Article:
Plugging the address into our GPS, we wound our way through a small country road and thick forests to the former Secretary of State’s estate. Suddenly, arriving at the crest of a small hill, we cleared the trees and were able to see the property itself.

The immaculate grounds, dotted with trees, ponds and rolling green hills, spread out before us like a painting. It occurred to me that despite the size of estate, what seemed to be the actual house of the former Secretary of State was in fact surprisingly small.

As we drove down the crest of the hill to the house, a silver Audi parked in the driveway began to drive towards us. Inside sat a dignified lady sporting large sunglasses and teased hair.

We pulled up next to her. She rolled down her window and motioned for us to do the same.

“Can I help you?” she asked.

What do you say when to someone when you look as if you were just plucked from the set of ‘Fiddler On the Roof?’ The obvious of course.

“Yes! We’re rabbis and we came here to see Mr. Kissinger. Are you Mrs. Kissinger?”

“Yes I am,” she said. “If you have anything for him, you can give it to me.”

We handed her a challah, explained who we were and then thanked her for her time, asking her to wish her husband a good shabbos on our behalf.

She drove off, but as we turned around to get back on to the small road that wound through the forest, we saw that she had stopped and was motioning for us to pull up next to her.

“Who sent you again?” she asked.

“We were sent by the Chabad rabbi here. We have calender with his number on it if you’d like.”

“Yes please,” Mrs. Kissinger said. “I’d appreciate it.”

We handed her the calendar. She turned the calendar over, and mumbled ‘Lubavitch’ — incorrectly putting the stress on the ‘u’ – to herself.

“Thank you again,” we said. “Please wish your husband a ‘good Shabbos’ for us.”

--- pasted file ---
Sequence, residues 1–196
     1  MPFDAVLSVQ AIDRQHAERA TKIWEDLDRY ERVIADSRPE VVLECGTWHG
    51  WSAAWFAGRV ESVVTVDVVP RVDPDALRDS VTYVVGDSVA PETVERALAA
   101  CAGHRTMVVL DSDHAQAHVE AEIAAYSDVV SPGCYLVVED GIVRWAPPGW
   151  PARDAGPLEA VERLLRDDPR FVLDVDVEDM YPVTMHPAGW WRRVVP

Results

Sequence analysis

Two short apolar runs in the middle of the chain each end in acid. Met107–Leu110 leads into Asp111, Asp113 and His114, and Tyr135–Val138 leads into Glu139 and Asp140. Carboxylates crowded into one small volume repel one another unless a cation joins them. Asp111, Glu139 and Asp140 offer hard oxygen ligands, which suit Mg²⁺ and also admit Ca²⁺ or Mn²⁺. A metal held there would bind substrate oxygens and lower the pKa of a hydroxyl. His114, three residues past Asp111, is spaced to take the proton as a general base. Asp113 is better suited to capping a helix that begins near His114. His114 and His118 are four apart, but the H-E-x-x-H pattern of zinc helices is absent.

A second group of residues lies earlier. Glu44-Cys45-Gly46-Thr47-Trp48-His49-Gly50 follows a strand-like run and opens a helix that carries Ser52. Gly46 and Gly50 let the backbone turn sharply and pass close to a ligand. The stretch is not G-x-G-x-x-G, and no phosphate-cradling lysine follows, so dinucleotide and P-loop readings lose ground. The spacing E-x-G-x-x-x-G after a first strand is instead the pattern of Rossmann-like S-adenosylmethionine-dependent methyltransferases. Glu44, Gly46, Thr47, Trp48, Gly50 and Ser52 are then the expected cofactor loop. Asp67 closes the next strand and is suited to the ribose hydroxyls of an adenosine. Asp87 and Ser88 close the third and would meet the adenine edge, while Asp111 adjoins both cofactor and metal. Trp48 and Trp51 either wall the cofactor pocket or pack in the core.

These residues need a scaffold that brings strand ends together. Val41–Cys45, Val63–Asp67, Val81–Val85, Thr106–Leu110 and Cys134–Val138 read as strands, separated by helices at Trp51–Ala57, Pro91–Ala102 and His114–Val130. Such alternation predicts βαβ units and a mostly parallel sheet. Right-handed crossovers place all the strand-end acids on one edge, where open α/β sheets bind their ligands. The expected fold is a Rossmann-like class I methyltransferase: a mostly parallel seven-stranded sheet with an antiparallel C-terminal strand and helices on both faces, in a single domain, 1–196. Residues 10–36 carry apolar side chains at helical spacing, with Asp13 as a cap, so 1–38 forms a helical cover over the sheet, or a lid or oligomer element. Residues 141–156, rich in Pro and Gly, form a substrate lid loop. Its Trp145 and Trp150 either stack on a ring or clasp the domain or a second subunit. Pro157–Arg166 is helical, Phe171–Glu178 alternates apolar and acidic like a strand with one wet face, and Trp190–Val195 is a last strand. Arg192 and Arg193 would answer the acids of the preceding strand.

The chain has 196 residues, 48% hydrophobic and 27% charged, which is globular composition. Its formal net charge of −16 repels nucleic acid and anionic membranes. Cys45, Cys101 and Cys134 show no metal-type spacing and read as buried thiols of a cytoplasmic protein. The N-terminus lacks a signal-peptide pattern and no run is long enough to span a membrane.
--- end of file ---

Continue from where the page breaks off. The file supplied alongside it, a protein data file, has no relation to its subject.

I often wonder where as Chabad yeshiva students, kids in our teens and early twenties, we get the chutzpah to approach Jewish celebrities, powerful business execs and politicians and ask them those famous words, “Would you like to do a mitzvah?”

(The “Excuse me sir, are you Jewish?” would have already addressed by a preliminary Wikipedia search).

There’s the excitement of meeting someone famous. I have friends who have interacted with all kinds of celebrities, not all of them Jewish. There’s the one that spoke to Natalie Portman, the time a group of yeshiva students were given a ride back to yeshiva by Snoop Dogg on a return walk from a distant synagogue one Saturday night after Shabbos had ended, or the classmate that asked Jackie Mason to put on tefillin There’s even the picture of Harry Potter star Daniel Radcliffe putting on tefillin with a yeshiva student.

But truth be told, we would jump at the chance to do a mitzvah with most anyone.

I’ve seen people put tefillin on the homeless and invite the needy over for a shabbos meal. The same summer that Mendel and I went to visit Henry Kissinger, we also went to visit a man in a Forensic Psychiatric Ward, committed for murdering his two parents. For in truth, what drives us, what excites us and keeps us going, isn’t a chance to connect with celebrity. It’s love and the belief that everyone deserves a chance to express their Jewish identities.

Mordechai Lightstone is a rabbi by training, but a blogger by choice. He can be reached on Twitter @Mottel